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Alex Brandon, Associated Press
Photographs by Greg Constantine showing the plight of Burma's Rohingya people, projected on the exterior walls of the United States Holocaust Memorial Museum in Washington, Monday, Nov. 4, 2013. Just a few blocks from the White House where Myanmar’s president was feted for working for democracy, another side of his country is now on display at a more haunting Washington landmark: the plight of its most beleaguered people, the Rohingya Muslims, depicted in photos projected onto the external walls of the Holocaust Memorial Museum.
It's disturbing that at a time when there are so many conversations on the perceived amazing developments in Burma, this tragedy has been overshadowed by everybody's interest on what's been happening elsewhere in the country with democratic reforms. —Greg Constantine, American photographer

WASHINGTON — Myanmar's acclaimed move toward democracy is obscuring the desperate plight of homeless and stateless Rohingya Muslims forced to flee in a deadly outbreak of sectarian violence, according to a Holocaust Memorial Museum exhibit that projects vivid images of the tragedy on the museum's outside walls at night.

The display, at an institution constructed in the nation's capital to depict the genocide against Jews during World War II, can be seen by tourists and passers-by just a few blocks from the White House, where only six months ago President Barack Obama paid tribute to President Thein Sein.

Stark, black-and-white images by American photographer Greg Constantine, are projected at night on the museum's external walls. They combine searching portraits with pictures of the scorched settlements that the Rohingya were forced to flee, leaving more than 100,000 confined to camps. They are denied citizenship in Myanmar, also known as Burma, and are typically regarded there as illegal immigrants from neighboring Bangladesh.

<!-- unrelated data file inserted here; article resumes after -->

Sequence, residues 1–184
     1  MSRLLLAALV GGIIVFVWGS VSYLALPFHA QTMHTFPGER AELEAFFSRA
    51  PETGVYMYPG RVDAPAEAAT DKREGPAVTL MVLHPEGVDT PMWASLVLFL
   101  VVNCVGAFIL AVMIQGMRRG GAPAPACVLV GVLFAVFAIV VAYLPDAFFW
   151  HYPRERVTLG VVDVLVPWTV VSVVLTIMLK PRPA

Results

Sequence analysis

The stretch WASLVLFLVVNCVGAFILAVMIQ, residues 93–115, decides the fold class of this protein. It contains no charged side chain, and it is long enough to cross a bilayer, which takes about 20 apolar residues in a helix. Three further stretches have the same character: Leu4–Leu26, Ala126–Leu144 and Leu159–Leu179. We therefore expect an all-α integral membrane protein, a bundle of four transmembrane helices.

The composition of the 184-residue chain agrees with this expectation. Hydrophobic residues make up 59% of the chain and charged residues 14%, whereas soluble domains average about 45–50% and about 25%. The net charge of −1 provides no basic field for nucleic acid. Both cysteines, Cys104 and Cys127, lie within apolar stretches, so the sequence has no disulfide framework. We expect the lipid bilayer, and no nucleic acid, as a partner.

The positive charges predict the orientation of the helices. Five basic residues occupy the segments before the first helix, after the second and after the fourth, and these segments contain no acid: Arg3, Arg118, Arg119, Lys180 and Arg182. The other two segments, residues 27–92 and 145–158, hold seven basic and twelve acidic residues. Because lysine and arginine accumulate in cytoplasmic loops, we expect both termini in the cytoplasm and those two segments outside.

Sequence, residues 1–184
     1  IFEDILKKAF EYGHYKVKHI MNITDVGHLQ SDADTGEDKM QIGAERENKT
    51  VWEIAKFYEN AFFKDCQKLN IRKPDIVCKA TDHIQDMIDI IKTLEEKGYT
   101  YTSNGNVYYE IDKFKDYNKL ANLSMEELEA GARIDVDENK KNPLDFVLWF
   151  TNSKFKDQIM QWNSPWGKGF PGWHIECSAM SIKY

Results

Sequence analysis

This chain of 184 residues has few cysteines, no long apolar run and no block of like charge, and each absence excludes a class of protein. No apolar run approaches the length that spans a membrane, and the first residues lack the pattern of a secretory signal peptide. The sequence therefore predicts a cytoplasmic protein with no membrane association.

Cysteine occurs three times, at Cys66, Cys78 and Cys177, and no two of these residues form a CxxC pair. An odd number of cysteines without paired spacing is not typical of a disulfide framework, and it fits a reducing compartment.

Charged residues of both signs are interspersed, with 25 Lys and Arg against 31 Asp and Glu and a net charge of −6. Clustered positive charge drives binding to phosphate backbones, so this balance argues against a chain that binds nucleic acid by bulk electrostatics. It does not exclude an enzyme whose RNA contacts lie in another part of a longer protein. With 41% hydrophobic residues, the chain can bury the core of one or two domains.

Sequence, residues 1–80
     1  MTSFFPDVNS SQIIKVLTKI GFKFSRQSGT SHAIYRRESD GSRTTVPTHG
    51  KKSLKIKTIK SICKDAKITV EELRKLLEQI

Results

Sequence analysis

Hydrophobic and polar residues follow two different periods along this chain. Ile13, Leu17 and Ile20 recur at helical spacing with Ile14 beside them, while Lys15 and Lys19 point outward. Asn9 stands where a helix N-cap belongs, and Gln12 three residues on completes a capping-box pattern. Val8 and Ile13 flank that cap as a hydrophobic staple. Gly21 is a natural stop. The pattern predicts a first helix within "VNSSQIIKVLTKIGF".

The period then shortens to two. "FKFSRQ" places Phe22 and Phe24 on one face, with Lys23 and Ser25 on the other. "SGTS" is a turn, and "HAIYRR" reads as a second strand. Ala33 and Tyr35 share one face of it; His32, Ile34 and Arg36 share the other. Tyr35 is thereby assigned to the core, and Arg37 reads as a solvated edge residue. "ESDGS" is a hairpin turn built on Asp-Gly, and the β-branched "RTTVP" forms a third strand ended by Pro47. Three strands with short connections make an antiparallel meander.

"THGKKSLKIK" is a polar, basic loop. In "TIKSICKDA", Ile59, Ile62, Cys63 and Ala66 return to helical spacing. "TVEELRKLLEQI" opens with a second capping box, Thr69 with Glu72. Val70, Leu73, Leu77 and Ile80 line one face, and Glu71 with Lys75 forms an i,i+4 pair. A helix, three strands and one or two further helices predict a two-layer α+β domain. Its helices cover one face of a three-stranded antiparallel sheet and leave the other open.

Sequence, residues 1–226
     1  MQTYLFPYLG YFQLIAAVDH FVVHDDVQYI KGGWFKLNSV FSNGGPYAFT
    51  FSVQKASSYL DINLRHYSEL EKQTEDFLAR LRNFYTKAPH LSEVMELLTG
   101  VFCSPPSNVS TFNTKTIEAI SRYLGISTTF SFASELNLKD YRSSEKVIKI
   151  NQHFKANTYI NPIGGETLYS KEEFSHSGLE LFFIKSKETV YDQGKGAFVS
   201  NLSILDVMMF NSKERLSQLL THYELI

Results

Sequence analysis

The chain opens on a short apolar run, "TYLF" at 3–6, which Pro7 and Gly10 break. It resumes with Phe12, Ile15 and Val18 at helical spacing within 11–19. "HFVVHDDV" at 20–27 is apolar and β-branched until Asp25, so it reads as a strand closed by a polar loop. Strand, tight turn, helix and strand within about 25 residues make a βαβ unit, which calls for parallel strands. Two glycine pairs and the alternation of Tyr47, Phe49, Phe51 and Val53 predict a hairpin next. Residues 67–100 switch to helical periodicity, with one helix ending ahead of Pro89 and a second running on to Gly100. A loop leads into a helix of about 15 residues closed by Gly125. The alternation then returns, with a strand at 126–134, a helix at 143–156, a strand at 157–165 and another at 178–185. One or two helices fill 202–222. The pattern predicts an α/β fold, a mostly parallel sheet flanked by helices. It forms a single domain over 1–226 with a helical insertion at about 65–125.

"It's disturbing that at a time when there are so many conversations on the perceived amazing developments in Burma, this tragedy has been overshadowed by everybody's interest on what's been happening elsewhere in the country with democratic reforms," said Constantine, who has spent seven years photographing the Rohingya on both sides of the Myanmar-Bangladesh border.

The federally funded Holocaust museum primarily commemorates the genocide against the Jews by the Nazis. But it also documents the mass killings that have blighted Bosnia, Rwanda and Sudan, and seeks to spotlight situations where it sees a repeat of such atrocities. The museum has previously projected images on its walls of Holocaust survivors and from South Sudan and the Darfur region of Sudan.

"We are not saying that genocide is taking place in Burma," said Michael Abramowitz, director of the museum's Center for the Prevention of Genocide. "We are not trying to equate these different situations. The Holocaust was a unique event in human history. But what we do want to do is use our assets to try to prevent these kinds of crimes from happening to others in the future."